Materials and reagents
The VAC dry extract BNO 1095 (DER 7–11:1) is commercially available as Agnucaston® and was provided by Bionorica SE, Neumarkt, Germany. For in vitro studies, solubilization of the test item was obtained by resuspension in 50 % ethanol (v/v) at a concentration of 40 mg/ml and homogenized by 5 min of vortexing, followed by a 30 min incubation at room temperature (RT) in an ultrasonic bath. The suspension was centrifuged at 3000 g for 10 min at RT and the supernatant was used immediately for the experiments.
Unless otherwise specified, all reagents were obtained from Sigma-Aldrich (Taufkirchen, Germany).
In vivo measurements of uterine contraction, pain, and locomotor sedation in a rat dysmenorrhea model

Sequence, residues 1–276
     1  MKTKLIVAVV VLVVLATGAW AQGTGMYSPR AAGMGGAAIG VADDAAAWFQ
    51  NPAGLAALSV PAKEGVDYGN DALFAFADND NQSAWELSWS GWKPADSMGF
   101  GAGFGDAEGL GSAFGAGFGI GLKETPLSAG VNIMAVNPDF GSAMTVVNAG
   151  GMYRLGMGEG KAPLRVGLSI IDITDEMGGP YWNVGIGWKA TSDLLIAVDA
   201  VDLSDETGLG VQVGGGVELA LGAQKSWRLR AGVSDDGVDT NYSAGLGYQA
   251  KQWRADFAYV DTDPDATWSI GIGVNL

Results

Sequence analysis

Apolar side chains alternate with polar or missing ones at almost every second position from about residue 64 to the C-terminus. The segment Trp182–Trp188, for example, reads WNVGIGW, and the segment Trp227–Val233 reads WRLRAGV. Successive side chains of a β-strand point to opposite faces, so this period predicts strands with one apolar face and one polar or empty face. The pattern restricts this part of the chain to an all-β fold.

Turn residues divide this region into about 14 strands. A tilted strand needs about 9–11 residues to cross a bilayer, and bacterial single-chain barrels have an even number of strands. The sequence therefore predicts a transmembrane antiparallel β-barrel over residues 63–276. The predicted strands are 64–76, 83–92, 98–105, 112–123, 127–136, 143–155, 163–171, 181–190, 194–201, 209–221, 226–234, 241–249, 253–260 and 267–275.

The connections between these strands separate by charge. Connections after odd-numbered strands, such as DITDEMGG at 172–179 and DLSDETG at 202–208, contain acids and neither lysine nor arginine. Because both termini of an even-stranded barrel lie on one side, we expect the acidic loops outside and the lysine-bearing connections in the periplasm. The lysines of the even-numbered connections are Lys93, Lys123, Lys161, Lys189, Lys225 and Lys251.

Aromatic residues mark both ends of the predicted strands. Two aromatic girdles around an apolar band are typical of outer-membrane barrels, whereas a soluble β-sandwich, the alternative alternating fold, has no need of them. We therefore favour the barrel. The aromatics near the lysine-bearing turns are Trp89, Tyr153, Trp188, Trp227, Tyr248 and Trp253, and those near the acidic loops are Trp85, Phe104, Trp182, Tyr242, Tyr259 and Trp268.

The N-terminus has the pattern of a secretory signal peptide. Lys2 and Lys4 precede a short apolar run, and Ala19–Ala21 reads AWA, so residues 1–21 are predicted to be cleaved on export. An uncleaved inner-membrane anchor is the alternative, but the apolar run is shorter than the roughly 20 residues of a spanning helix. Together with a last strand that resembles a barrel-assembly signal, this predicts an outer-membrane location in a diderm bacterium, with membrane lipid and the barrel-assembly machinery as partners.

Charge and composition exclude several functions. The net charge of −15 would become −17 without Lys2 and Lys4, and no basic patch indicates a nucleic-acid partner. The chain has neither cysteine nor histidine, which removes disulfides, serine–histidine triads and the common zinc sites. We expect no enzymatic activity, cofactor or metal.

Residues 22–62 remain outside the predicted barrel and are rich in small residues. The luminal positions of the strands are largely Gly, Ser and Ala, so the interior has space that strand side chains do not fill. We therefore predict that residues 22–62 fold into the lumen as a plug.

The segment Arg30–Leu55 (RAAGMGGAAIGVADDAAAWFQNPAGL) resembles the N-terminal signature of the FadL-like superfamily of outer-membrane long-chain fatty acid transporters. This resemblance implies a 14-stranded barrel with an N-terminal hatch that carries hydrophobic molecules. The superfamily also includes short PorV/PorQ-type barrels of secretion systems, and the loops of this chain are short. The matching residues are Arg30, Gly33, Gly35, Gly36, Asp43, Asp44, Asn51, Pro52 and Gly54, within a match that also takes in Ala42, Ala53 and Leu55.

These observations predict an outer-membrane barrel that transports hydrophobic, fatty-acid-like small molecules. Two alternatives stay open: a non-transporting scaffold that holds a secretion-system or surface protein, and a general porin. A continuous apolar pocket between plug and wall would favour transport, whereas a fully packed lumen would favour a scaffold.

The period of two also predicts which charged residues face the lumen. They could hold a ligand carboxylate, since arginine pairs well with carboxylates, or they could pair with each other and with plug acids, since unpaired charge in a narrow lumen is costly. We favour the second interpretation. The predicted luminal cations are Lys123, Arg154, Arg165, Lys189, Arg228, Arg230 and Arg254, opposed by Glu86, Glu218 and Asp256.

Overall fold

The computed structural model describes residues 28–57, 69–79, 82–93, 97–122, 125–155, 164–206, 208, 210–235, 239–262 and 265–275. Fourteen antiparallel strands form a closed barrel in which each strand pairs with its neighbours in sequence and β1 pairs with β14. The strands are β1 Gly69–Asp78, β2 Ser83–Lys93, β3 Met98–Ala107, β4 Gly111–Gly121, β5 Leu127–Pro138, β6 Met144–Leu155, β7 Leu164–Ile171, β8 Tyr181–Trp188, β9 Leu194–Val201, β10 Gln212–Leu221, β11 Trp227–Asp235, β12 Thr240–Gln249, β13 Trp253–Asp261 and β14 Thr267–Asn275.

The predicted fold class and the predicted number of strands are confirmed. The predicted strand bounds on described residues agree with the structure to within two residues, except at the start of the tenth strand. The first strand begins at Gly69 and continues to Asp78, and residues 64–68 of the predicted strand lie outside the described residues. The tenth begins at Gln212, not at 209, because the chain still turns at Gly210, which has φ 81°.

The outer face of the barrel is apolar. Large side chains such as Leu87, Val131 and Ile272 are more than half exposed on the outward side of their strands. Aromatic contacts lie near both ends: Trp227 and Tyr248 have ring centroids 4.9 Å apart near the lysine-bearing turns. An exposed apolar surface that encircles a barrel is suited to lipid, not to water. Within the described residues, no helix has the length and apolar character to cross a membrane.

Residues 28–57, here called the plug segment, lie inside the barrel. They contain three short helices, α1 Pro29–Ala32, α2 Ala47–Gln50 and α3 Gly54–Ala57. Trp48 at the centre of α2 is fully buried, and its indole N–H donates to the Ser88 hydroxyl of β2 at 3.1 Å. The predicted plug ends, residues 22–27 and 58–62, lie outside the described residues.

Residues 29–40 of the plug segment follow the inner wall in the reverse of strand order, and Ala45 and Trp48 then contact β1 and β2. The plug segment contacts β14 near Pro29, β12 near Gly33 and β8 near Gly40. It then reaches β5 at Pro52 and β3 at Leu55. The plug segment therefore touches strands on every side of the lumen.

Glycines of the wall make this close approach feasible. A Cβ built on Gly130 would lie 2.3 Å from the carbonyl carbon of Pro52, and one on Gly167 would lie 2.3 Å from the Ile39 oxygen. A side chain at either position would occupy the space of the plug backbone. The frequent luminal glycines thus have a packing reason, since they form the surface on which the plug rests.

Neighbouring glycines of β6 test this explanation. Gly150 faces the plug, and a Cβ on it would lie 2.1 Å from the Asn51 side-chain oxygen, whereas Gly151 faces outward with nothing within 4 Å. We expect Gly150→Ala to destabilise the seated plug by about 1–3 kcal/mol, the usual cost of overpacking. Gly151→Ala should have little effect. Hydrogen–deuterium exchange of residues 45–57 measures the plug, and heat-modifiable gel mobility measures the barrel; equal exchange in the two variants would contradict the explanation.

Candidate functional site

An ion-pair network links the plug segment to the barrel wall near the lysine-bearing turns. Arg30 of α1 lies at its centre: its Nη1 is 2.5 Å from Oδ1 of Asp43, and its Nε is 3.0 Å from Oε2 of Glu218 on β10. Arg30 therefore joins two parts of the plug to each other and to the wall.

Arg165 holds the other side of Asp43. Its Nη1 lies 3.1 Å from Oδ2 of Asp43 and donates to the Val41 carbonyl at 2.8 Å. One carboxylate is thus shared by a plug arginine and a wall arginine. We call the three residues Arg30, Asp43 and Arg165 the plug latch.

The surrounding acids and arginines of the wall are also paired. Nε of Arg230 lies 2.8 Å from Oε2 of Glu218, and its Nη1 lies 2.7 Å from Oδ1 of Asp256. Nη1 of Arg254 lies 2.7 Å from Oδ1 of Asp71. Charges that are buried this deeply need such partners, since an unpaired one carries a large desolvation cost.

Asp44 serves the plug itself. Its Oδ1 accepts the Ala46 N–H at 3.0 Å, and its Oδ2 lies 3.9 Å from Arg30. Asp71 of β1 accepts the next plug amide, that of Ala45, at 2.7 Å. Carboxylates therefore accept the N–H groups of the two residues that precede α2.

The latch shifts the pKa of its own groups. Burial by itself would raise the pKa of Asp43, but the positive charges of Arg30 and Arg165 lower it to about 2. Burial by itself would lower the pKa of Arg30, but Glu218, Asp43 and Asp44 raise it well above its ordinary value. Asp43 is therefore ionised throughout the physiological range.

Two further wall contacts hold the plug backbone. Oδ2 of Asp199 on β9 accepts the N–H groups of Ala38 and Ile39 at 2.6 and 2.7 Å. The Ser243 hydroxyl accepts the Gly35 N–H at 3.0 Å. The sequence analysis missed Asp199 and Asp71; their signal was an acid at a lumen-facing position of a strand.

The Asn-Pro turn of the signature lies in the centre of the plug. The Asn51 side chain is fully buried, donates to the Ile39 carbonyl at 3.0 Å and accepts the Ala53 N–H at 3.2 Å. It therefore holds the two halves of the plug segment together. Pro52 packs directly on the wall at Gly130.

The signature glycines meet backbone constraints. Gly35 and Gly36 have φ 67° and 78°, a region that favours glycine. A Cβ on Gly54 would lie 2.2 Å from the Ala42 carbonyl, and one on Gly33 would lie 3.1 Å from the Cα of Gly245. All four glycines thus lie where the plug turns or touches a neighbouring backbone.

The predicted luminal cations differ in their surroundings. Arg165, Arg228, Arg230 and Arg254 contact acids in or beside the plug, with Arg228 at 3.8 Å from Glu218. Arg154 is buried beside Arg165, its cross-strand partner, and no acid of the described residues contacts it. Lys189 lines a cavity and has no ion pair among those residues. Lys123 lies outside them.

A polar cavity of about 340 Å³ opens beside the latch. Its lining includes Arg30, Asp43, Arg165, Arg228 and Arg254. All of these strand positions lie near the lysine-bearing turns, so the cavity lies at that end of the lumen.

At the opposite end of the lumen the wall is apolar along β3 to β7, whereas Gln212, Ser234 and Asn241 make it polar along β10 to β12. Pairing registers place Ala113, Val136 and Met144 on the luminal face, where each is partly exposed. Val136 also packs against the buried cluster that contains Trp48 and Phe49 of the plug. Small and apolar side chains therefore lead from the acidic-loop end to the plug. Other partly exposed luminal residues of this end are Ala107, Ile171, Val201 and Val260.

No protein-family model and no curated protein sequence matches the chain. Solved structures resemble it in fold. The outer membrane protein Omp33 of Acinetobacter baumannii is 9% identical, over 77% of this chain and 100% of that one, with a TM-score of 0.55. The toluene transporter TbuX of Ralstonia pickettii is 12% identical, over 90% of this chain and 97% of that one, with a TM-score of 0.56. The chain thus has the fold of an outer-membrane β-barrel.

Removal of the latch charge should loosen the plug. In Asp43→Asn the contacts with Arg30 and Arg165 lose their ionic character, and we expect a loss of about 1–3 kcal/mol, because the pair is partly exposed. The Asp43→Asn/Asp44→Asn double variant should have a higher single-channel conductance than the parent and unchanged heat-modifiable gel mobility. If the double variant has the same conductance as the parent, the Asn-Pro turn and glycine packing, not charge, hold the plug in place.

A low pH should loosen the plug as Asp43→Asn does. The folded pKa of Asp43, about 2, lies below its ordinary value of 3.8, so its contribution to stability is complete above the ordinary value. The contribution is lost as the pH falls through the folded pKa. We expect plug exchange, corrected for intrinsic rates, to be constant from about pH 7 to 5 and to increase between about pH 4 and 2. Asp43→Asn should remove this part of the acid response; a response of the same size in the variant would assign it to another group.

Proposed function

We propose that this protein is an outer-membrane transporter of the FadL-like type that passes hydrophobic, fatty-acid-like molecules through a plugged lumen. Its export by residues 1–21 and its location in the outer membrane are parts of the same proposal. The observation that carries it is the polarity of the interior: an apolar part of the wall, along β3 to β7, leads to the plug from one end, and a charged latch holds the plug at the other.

Nulliparous, non-pregnant female Sprague Dawley rats were purchased at the age of 12 to 14 weeks from Charles River (Sulzfeld, Germany) and housed under specific pathogen-free conditions, with sterilized water and food given ad libitum. 12 days prior to the start of the experiments, the animals were randomly allocated to approximately-equal control (saline), treatment (BNO 1095), or comparator (carprofen) groups (n = 12–14 per group) and acclimatized in groups of 4 animals to their new cages. On Day 1 to Day 12, all animals were i.p. injected once-daily with 10 mg/kg body weight estradiol-benzoate. On Day 6 to Day 12, animals assigned to the treatment groups were dosed once-daily with an oral suspension (in sterile water) of BNO 1095 via oral gavage at one of three doses: 2.1 mg/kg body weight (comparable to five times the recommended human equivalent dose, 5× HED), 10.3 mg/kg body weight (25× HED) or 20.7 mg/kg body weight (50× HED) in a volume of 10 ml/kg, while animals of the control group received an equal amount of water. On Day 12, animals from the control, treatment and comparator groups received the following (all volumes equal between groups, respectively): water p.o. and a subcutaneous (s.c) injection of saline; BNO 1095 extract p.o. 3 hours after the last application of estradiol-benzoate and an s.c. injection of saline, or p.o. water and a s.c. injection of 5 mg/kg body weight of the NSAID carprofen (Pfizer, Berlin, Germany).